The regular major-festival presence of the films of Robert Guédiguian is a curious, if not wholly unwelcome, anomaly. Amid punchier, more provocative, more aesthetically challenging arthouse titles, his work moves to the calmer rhythms of classical naturalism, in which each new title feels more like a new chapter in a career-spanning novel — or a book of interconnected short stories, perhaps — about life and love and social class in the suburbs of Marseille.
Working with the same troupe of excellent actors he has cast in differing permutations through the years, most notably his wife Ariane Ascaride who stars in their twentieth collaboration here, and occupying the same compassionately observed, elegiac register that his mid-to-late middle-age titles have tended to embrace, “Gloria Mundi” is, again, a contemporary, intergenerational, socially conscientious, bittersweet family drama set in the southern French port city. And, at least until an ending marred by some scrappy filmmaking as the story takes a deterministic swerve into melodrama, an engaging one.
This time the now-64-year-old Ascaride plays Sylvie, mother of two adult daughters, Aurore (Lola Naymark) and Mathilde (Anaïs Demoustier), the latter of whom is giving birth to a baby girl as the film begins, to a predictable if effective soundtrack of fetal heartbeats and classical opera. Joining her mother at her hospital bedside are Mathilde’s husband, the proud new father Nicolas (Robinson Stévenin); Aurore and her flashy, coked-up boyfriend Bruno (Grégoire Leprince-Ringuet); and the kindly Richard (Jean-Pierre Darroussin), Sylvie’s partner, whom both daughters call Dad even if biologically he is not related to Mathilde. Her birth father Daniel (Gérard Meylan) is absent for the good reason he is incarcerated in Rennes prison, serving out the end of a 20-year sentence for a lethal brawl in which, Sylvie insists, he was defending a friend. The aging, regretful, haiku-writing Daniel’s release from prison, and his desire to be part of his granddaughter’s life, gently initiates the slightly overfamiliar circle-of-life dynamic of the film.
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But there are other strings to its bow. If the new news in Guediguian’s last film “The House by the Sea” was the introduction of a subplot about refugees, this time it’s the observation of the gig economy. Initially all the characters are getting by, Sylvie is a hard-working cleaner; Richard a bus driver; Mathilde a retail assistant and Nicholas a fastidiously chic Uber driver, determined to get “nothing but 5 star ratings.”
But as part of the safety-net-less casual workforce, they are each only one stroke of bad luck — one broken arm, one strike, one suspension — away from desperation. It is only Aurore and Bruno who are prospering, and they explicitly do it at the expense of the poor, who come to their shabby cash-for-trash store to sell off electronics and bric-à-brac at a fraction of its worth. Their exploitation of their clientele and their workshop employees, whom they pay under the table, is summed up proudly in a speech Bruno gives at the opening of their second store, in which he extols an Ayn Randian philosophy about life’s winners and losers.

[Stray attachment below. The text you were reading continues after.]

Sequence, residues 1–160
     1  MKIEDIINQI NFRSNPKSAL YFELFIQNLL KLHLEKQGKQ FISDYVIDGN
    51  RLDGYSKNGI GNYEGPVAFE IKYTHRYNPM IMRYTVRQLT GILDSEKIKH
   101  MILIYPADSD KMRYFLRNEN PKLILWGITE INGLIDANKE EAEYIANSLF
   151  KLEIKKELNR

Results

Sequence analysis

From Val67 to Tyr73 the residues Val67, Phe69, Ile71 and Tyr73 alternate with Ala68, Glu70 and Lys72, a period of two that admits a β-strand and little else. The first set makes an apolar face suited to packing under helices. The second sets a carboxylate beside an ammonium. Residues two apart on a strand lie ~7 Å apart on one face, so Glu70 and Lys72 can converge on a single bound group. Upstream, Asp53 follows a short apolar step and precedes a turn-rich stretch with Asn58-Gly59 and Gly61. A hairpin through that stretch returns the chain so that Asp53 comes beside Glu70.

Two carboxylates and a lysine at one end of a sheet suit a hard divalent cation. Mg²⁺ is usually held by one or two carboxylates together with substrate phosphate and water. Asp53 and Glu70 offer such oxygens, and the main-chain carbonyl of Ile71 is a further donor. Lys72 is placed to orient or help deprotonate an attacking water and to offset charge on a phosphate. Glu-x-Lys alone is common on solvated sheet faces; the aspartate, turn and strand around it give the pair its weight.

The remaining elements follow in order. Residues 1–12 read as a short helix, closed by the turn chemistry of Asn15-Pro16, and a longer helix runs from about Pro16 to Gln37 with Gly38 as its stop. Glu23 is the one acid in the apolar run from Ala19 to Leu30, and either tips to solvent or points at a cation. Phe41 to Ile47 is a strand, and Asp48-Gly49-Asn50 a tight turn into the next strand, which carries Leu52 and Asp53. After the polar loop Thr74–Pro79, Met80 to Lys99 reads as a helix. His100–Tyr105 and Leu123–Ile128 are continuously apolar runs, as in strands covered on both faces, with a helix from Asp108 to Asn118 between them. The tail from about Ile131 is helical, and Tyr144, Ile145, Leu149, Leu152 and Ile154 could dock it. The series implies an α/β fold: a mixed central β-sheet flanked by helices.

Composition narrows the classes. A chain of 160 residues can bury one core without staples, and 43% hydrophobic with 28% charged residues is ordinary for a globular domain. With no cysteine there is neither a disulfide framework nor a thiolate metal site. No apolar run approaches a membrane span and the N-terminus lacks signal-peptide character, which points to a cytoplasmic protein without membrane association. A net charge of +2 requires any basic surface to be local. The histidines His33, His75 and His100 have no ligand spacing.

The performances are all strong, although the younger generation — especially the basically awful Aurore and the rapacious horndog Bruno — are given less dimension by Guédiguian, who even in terms of Pierre Milon’s warm-toned, sympathetic photography and Michel Petrossian’s gentle scoring, inevitably favors his peers. But that in itself yields dividends: The interplay between would-be rivals in fatherhood Daniel and Richard is perhaps the most touchingly drawn relationship in the film. And in just a few closeups, revealing the complexity and depth of her response to the return of her old flame, Sylvie too is rounded out and respected. It is unusual to see a woman of Ascaride’s age drawn (especially by a male director and screenwriter duo) with such consideration for her internal life, and Ascaride, much more than her husband’s muse, finds lovely notes to play in Sylvie’s patient, pragmatic grandmother.
Taken as a whole, Guediguian’s filmography starts to look like the one lifelong project, an almost real-time chronicle of France’s boomer generation, whose May ’68 values are so markedly different from their American contemporaries, from their turbulent, idealistic twenties right through to a calmer, more reflective retirement age. So although the Latin phrase “Sic transit gloria mundi” is about the transience of life, which Daniel addresses by writing fragmentary poetry which “seeks out nice moments and fixes them in time,” in a broader sense, “Gloria Mundi” is about continuity: this continuing project of Guédiguian’s to tell the story of his generation with compassion and insight; the continual exploitation of the poor by the wealthy; the continual erosion of France’s erstwhile socialist idealism by modern market forces; and the continuing truism that the young exist to break their parents’ hearts.